How low can you go?
This has all escalated very quickly. The environment has become bond bullish and yields are collapsing. There is a growing anticipation that the Federal Reserve will need to ease policy in the coming weeks and months. If equity markets fall further and credit spreads widen, this could happen sooner rather than later. The immediate concern is the trade war between the US and China. The more fundamental concern is the lack of inflationary momentum and concerns about the effectiveness of monetary policy. A return to balance sheet expansion can’t be ruled out at some point. For the headline writers, China’s retaliation to US trade policy, the Italian budget, and the UK’s political farce are additional reasons to spread fear and loathing. Long duration is where to be.
It is clear that recession risks are rising. The consequence of that is that bond yields are likely to keep falling and credit spreads are likely to continue to widen until the US Federal Reserve cuts interest rates. Rates markets have moved a lot already this spring – German bunds just printed an all-time low yield of -20 basis points (bps), 10-yr UK gilt yields are below 90bps, and Spanish debt is trading with a yield of just 74bps. The US yield curve is inverted between 3-month money (2.36% for Treasury bills) and 10-year debt (2.17%), and the market is now pricing in at least two rate cuts this year with a 68% probability of a rate cut in September. However, the worry is that risk markets have not moved to price in the significant downside risks to the economic outlook. The S&P closed on May 30th at 2788.86, just 4.5% lower than the high it reached at the beginning of the month. This needs to be compared to the 20% peak-to-trough decline that occurred in Q4 of last year. On the credit side spreads are wider but are well below the levels reached in December. The nearest thing we have had to a recession in recent years was in late 2015 and early 2016. US investment grade credit spreads topped out at 221bps. Today they are 131bps. For US high yield the comparison is 887bps versus 433bps.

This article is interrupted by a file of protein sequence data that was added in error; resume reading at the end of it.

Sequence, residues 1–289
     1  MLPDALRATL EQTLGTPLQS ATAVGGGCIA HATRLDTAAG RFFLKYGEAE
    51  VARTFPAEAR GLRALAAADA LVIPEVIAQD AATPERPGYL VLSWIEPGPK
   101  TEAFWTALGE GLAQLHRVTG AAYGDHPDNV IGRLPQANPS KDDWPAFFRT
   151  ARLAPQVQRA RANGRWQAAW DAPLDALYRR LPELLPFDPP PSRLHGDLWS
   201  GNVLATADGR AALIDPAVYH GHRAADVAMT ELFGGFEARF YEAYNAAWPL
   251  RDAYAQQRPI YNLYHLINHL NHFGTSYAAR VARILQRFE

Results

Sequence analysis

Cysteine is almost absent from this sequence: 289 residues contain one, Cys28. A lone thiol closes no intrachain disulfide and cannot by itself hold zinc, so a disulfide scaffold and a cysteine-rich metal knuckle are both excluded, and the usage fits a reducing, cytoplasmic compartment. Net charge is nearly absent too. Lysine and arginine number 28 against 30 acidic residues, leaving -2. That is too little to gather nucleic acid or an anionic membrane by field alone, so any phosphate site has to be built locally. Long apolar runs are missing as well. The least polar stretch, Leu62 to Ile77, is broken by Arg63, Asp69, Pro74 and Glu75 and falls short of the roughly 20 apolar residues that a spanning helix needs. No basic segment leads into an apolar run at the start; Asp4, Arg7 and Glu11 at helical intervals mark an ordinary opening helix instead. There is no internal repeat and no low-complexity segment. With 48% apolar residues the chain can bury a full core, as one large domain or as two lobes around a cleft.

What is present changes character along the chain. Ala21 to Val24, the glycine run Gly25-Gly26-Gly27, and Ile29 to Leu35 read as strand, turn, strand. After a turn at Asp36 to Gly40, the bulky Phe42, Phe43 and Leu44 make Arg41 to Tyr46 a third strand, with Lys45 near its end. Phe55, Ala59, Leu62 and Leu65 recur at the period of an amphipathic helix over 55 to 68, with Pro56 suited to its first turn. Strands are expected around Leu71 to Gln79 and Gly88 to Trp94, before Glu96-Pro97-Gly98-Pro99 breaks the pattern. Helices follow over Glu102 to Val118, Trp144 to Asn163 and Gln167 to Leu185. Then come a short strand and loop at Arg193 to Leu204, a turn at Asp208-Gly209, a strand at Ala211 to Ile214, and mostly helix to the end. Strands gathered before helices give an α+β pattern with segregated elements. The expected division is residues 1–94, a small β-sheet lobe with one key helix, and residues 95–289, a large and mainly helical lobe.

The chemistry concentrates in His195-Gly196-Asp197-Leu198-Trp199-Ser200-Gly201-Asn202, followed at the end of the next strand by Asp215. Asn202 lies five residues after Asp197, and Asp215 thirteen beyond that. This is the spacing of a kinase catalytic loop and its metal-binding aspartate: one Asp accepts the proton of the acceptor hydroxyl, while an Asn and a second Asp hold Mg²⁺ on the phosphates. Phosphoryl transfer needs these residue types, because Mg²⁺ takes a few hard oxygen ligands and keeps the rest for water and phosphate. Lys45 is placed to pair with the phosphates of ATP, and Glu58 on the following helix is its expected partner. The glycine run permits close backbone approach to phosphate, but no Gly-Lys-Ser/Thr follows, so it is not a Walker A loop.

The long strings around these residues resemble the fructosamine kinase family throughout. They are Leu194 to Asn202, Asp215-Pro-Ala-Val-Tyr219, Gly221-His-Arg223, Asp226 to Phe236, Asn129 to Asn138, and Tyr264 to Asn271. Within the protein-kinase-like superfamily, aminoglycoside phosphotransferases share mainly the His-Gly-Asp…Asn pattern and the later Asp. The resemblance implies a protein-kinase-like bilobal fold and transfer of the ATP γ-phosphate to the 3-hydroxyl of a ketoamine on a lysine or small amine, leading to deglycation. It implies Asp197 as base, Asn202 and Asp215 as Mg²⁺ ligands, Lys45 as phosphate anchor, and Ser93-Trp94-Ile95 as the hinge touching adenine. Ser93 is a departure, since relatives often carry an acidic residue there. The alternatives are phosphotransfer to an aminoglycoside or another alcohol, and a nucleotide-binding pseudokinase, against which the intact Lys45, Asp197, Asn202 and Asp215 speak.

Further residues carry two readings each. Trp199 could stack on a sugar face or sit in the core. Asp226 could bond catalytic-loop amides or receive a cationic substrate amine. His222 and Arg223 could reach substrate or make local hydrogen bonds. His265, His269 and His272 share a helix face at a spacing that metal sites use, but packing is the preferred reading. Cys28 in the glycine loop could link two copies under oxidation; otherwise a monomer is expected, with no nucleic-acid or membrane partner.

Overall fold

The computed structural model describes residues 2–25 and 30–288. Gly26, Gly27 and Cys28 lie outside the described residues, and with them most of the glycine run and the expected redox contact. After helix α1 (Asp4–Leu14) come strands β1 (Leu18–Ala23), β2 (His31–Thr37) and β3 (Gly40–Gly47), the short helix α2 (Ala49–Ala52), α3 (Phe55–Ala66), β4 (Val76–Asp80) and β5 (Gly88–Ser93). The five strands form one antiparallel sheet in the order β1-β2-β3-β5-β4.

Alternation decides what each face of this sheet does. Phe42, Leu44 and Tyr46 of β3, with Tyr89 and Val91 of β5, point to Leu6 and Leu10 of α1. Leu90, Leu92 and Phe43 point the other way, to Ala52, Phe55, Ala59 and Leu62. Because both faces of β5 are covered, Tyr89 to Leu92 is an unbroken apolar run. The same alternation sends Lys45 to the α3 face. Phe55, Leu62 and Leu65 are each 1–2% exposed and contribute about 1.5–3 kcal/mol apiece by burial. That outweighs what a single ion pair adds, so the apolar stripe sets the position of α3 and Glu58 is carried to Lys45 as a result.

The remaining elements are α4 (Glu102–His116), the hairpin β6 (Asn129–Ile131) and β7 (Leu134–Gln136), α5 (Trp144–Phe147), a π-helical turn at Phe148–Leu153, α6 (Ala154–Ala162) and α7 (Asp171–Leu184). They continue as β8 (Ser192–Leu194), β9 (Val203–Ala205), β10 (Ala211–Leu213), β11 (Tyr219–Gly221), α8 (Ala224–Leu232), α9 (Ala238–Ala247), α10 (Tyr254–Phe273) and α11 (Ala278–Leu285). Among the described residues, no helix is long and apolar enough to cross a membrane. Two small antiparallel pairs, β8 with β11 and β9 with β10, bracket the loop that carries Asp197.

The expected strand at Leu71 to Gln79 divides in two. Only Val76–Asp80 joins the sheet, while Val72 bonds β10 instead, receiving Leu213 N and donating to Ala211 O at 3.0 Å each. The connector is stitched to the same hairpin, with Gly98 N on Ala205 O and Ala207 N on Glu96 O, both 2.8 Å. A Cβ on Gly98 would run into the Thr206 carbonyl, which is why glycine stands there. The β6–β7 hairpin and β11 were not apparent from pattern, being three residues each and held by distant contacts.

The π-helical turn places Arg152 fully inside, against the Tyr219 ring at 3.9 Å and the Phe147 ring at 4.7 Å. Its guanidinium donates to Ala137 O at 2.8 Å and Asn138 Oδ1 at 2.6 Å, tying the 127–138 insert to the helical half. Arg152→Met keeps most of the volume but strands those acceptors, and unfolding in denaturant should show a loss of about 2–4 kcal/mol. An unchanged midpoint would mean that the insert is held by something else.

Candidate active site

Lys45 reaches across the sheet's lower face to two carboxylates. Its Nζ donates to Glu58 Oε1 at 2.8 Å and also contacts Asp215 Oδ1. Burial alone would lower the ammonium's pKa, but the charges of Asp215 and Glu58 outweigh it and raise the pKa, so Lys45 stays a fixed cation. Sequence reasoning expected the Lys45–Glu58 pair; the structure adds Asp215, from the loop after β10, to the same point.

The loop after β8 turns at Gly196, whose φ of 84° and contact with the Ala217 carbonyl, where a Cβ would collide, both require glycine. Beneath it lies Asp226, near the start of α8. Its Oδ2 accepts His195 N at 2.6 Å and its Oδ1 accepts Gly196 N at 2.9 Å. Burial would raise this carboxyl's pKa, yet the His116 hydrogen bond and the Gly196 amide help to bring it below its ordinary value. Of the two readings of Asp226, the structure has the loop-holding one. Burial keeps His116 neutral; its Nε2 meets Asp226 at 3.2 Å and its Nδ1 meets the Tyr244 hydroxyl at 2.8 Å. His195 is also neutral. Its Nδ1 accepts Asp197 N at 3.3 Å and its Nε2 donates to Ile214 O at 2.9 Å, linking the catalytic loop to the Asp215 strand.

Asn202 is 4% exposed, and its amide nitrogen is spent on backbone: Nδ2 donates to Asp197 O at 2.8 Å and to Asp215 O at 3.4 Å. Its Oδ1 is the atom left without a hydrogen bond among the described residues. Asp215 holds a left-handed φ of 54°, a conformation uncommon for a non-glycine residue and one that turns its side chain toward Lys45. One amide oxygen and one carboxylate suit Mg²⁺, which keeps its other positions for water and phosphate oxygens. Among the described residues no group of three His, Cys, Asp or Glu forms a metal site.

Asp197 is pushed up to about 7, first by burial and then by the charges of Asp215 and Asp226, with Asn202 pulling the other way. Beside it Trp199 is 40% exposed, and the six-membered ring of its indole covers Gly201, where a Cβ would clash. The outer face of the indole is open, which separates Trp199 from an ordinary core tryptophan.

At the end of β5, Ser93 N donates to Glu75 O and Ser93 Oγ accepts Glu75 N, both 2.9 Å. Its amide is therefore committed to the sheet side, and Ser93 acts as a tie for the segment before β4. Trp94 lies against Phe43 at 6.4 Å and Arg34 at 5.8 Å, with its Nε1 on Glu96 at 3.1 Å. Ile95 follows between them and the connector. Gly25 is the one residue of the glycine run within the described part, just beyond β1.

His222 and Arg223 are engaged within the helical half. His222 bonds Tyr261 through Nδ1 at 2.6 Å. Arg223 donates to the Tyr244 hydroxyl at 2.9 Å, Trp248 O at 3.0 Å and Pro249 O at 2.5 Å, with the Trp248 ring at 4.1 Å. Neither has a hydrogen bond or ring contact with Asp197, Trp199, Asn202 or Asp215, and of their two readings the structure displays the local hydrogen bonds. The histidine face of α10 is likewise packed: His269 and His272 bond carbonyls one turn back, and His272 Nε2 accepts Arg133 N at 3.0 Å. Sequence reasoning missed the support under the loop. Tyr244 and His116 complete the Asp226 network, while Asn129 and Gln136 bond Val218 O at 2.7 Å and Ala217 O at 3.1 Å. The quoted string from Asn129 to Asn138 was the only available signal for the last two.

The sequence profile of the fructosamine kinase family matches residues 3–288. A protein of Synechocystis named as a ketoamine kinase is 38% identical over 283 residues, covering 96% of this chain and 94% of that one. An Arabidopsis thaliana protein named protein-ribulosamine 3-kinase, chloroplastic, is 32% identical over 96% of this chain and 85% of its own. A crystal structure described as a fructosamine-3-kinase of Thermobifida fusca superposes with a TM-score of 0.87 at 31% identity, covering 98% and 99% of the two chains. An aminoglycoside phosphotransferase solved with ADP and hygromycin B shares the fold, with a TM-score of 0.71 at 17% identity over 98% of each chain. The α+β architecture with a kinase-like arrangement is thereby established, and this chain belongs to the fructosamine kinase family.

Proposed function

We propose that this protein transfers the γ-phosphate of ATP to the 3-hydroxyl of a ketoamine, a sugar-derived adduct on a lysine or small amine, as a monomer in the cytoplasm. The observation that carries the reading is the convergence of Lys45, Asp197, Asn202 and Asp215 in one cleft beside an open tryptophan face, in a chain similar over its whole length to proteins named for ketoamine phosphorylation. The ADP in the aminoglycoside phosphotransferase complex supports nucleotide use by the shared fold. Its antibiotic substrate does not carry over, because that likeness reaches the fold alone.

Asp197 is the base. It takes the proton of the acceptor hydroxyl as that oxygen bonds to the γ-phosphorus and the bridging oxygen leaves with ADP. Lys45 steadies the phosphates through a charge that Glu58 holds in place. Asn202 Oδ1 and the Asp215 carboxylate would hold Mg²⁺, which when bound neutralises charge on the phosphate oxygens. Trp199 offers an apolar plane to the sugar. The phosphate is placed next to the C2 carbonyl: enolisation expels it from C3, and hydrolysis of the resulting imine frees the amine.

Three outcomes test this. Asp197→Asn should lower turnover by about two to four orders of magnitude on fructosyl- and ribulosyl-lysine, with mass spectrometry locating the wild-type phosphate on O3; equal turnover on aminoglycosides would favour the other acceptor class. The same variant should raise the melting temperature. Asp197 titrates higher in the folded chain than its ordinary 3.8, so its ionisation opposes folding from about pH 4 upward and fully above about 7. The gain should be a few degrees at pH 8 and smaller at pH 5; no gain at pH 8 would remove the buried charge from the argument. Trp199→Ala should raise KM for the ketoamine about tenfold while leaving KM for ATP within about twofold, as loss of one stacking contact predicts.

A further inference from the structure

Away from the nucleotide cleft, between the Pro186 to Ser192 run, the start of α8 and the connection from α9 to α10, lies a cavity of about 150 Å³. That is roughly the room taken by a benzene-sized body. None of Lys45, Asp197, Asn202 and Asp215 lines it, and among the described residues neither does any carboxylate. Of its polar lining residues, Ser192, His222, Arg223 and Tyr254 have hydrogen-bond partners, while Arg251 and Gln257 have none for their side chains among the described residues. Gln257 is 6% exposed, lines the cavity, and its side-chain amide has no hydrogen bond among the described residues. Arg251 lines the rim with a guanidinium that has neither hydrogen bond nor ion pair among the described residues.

It is difficult to believe that it has been the Fed itself that has brought this situation about. It raised rates by 250bps this cycle, which is much less than in previous cycles and over a longer period than normal. In both nominal and real terms, the Fed Funds policy rate is lower than prior to any previous recession. Capital market yields hardly got that high either, with 5-year US Treasuries peaking at 3.1% last year and investment grade credit yields at 4.4%. Given that nominal GDP growth averaged close to 5% in each of 2017 and 2018, monetary conditions were hardly restrictive. If the Fed had carried on raising rates, like it threatened before last December, then maybe it would have been mostly responsible for engineering the slowdown, but it hardly seems to be the case. Instead we have to look at the combination of an increasingly hawkish US foreign policy (including trade), political fragmentation in Europe, and the difficulties China has had in dealing with imbalances in the state-owned sector. More specifically, President Trump’s trade policy is negatively impacting global trade flows, supply chains, and business investment. I was optimistic that the expansion could continue, but now I am not sure at all. Confidence is eroding amongst businesses and investors.